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The National Association of Securities Dealers is investigating whether some brokerage houses are inappropriately pushing individuals to borrow large sums on their houses to invest in the stock market. Can we persuade the association to investigate would-be privatizers of Social Security? For it is now apparent that the Bush administration’s privatization proposal will amount to the same thing: borrow trillions, put the money in the stock market and hope.
Privatization would begin by diverting payroll taxes, which pay for current Social Security benefits, into personal investment accounts. The government would have to borrow to make up the shortfall. This would sharply increase the government’s debt. “Never mind”, privatization advocates say, “in the long run, people would make so much on personal accounts that the government could save money by cutting retirees’ benefits.”
Even so, if personal investment accounts were invested in Treasury bonds, this whole process would accomplish precisely nothing. The interest workers would receive on their accounts would exactly match the interest the government would have to pay on its additional debt. To compensate for the initial borrowing, the government would have to cut future benefits so much that workers would gain nothing at all. However, privatizersclaim that these investments would make a lot of money and that, in effect, the government, not the workers, would reap most of those gains, because as personal accounts grew, the government could cut benefits.
We can argue at length about whether the high stock returns such schemes assume are realistic (they aren’t), but let’s cut to the chase: in essence, such schemes involve having the government borrow heavily and put the money in the stock market. That’s because the government would, in effect, confiscate workers’gains in their personal accounts by cutting those workers’ benefits.
Once you realize whatprivatization really means, it doesn’t sound too responsible, does it? But the details make it considerably worse. First, financial markets would, correctly, treat the reality of huge deficits today as a much more important indicator of the government’s fiscal health than the mere promise that government could save money by cutting benefits in the distant future. After all, a government bond is a legally binding promise to pay, while a benefits formula that supposedly cuts costs 40 years from now is nothing more than a suggestion to future Congresses. If a privatization plan passed in 2005 called for steep benefit cuts in 2045, what are the odds that those cuts would really happen? Second, a system of personal accounts would pay huge brokerage fees. Of course, from Wall Street’s point of view that’s a benefit, not a cost.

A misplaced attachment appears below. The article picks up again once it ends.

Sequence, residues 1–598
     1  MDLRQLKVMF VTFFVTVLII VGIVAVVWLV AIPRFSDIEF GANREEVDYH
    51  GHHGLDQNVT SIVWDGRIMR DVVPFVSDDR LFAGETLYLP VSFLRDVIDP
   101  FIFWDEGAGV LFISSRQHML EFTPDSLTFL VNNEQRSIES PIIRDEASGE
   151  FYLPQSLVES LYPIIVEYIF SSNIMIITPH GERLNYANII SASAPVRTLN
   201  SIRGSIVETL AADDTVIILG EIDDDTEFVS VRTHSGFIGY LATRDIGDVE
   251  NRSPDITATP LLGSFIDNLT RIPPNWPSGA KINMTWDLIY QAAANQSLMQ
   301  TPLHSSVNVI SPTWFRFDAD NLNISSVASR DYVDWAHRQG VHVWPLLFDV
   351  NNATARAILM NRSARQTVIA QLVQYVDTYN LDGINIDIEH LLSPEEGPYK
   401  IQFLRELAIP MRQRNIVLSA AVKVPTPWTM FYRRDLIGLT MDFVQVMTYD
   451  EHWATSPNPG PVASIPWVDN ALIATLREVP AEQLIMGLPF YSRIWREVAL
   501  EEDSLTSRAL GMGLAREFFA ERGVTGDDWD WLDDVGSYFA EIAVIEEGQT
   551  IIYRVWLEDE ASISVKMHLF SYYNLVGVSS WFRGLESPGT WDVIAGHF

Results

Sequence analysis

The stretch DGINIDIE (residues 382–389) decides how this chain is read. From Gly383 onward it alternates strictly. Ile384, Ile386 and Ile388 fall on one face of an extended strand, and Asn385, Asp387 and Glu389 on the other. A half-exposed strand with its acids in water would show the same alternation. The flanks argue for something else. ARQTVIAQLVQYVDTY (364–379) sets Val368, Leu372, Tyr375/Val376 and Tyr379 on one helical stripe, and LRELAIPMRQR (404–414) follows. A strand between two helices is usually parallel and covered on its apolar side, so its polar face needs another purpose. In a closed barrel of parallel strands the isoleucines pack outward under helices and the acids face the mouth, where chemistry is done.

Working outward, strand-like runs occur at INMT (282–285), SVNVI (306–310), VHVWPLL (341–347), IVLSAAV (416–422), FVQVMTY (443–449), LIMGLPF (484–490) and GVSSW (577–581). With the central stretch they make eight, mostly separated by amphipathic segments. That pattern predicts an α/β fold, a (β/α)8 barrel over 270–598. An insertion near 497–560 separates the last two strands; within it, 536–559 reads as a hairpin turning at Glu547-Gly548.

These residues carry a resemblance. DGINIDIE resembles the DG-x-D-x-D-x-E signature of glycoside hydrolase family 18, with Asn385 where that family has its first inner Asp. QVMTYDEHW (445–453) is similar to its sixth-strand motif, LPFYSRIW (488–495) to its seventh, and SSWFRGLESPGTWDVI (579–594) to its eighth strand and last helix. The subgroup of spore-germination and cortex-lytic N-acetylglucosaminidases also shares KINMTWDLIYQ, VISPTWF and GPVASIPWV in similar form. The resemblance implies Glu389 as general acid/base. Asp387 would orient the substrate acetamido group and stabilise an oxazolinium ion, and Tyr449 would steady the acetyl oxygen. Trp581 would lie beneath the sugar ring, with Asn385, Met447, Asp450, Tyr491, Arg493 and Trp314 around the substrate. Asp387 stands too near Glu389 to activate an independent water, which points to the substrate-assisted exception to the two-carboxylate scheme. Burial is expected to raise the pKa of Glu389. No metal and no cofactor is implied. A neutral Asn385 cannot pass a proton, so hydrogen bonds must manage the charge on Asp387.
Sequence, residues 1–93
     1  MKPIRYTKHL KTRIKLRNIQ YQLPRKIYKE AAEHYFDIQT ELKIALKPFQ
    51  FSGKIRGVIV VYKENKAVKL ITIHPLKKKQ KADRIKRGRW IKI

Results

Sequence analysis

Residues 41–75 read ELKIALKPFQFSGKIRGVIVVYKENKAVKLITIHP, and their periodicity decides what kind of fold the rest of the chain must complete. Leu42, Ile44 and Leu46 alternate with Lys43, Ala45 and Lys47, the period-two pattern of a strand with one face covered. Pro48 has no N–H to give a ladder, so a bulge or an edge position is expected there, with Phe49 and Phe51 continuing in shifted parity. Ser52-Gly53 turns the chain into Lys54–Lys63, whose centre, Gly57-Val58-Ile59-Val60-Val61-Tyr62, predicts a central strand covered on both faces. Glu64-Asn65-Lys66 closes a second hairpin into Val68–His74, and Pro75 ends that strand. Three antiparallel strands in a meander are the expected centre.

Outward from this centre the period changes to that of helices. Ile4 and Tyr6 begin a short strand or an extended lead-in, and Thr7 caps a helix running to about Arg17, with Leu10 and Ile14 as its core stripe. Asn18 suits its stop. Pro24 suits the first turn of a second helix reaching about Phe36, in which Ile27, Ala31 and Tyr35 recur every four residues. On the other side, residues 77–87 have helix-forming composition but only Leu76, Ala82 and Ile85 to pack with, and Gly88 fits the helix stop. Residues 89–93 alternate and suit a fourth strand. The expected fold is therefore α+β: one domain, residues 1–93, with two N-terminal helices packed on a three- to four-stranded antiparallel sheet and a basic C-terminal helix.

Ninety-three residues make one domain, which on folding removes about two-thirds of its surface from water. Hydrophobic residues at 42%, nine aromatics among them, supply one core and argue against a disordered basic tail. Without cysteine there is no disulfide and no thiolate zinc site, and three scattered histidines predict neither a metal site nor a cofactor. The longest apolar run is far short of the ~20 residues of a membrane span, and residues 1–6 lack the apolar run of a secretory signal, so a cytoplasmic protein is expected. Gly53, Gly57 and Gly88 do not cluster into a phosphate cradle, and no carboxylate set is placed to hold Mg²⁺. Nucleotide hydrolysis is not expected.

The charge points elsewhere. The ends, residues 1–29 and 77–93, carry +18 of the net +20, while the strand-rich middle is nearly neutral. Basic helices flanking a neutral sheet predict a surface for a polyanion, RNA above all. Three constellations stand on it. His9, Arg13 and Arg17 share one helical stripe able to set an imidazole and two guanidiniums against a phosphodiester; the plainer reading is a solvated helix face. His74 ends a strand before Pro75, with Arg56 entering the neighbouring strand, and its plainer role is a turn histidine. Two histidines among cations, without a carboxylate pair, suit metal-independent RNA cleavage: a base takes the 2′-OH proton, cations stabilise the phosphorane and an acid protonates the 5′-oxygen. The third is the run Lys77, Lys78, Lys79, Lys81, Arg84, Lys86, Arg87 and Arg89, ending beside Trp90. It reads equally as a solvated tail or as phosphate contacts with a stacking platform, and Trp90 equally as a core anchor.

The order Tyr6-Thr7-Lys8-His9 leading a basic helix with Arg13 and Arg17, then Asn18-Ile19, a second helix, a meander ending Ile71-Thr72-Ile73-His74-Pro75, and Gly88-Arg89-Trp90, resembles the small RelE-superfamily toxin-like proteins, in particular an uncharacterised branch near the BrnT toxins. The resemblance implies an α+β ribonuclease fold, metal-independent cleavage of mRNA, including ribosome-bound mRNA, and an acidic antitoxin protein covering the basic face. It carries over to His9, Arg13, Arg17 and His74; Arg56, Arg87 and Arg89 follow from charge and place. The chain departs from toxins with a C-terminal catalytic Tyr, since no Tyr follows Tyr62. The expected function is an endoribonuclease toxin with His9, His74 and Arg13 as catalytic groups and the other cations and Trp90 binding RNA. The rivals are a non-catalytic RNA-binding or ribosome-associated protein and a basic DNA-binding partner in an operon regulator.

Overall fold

1.According to the author, “privatizers”are those_____.
[A] borrowing from banks to invest in the stock market [B] who invest in Treasury bonds
[C] advocating the government to borrow money from citizens [D] who earn large sums of money in personal accounts
2.In the first paragraph, individual borrowing is cited because_____.
[A] it shares similarities with the government’s Social Security policies
[B] there is no guarantee that it will be profitable in the stock market
[C] it is not proper for the brokerage houses to persuade people to borrow money
[D] it is an indication of the Bush administration’s serious concern over the stock market
3.According to its advocates, who will gain from the privatization of Social Security?
[A] Investors in stock markets. [B] Retired workers in the future. [C] The future Congresses. [D] Account information brokers.
4.It can be inferred from the passage that Social Security privatization will_____.
[A] provide high returns for the new governments [B] be strongly opposed by Wall Street
[C] bring the future retirees more benefits [D] allow individuals to invest in personal accounts
5.The author’s attitude towards the privatization proposal is_____.
[A] impartial [B] suspicious [C] neutral [D] approval
答案：1.C 2.A 3.C 4.D 5.B
(2)would-be(a.)想要成为的，自称自许的，自充的，例He founded a school for would-be actors(他创办学校，训练有意做演员的人)。
(4)cut to the chase 抄捷径去追猎物(不绕圈子，开门见山，单刀直入)